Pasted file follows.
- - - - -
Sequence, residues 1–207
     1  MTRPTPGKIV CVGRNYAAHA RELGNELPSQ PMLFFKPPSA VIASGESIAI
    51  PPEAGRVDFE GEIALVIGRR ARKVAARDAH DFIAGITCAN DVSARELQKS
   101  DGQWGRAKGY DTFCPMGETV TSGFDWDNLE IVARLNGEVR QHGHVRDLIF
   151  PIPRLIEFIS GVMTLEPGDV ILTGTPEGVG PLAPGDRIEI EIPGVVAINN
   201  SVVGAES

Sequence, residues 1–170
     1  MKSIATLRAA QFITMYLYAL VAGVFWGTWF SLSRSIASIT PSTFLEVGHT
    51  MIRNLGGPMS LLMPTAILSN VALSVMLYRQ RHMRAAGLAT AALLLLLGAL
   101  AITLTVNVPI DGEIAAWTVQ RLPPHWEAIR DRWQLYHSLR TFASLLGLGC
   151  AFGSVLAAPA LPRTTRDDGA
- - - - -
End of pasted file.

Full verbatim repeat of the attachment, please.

Sequence, residues 1–207
     1  MTRPTPGKIV CVGRNYAAHA RELGNELPSQ PMLFFKPPSA VIASGESIAI
    51  PPEAGRVDFE GEIALVIGRR ARKVAARDAH DFIAGITCAN DVSARELQKS
   101  DGQWGRAKGY DTFCPMGETV TSGFDWDNLE IVARLNGEVR QHGHVRDLIF
   151  PIPRLIEFIS GVMTLEPGDV ILTGTPEGVG PLAPGDRIEI EIPGVVAINN
   201  SVVGAES

Sequence, residues 1–170
     1  MKSIATLRAA QFITMYLYAL VAGVFWGTWF SLSRSIASIT PSTFLEVGHT
    51  MIRNLGGPMS LLMPTAILSN VALSVMLYRQ RHMRAAGLAT AALLLLLGAL
   101  AITLTVNVPI DGEIAAWTVQ RLPPHWEAIR DRWQLYHSLR TFASLLGLGC
   151  AFGSVLAAPA LPRTTRDDGA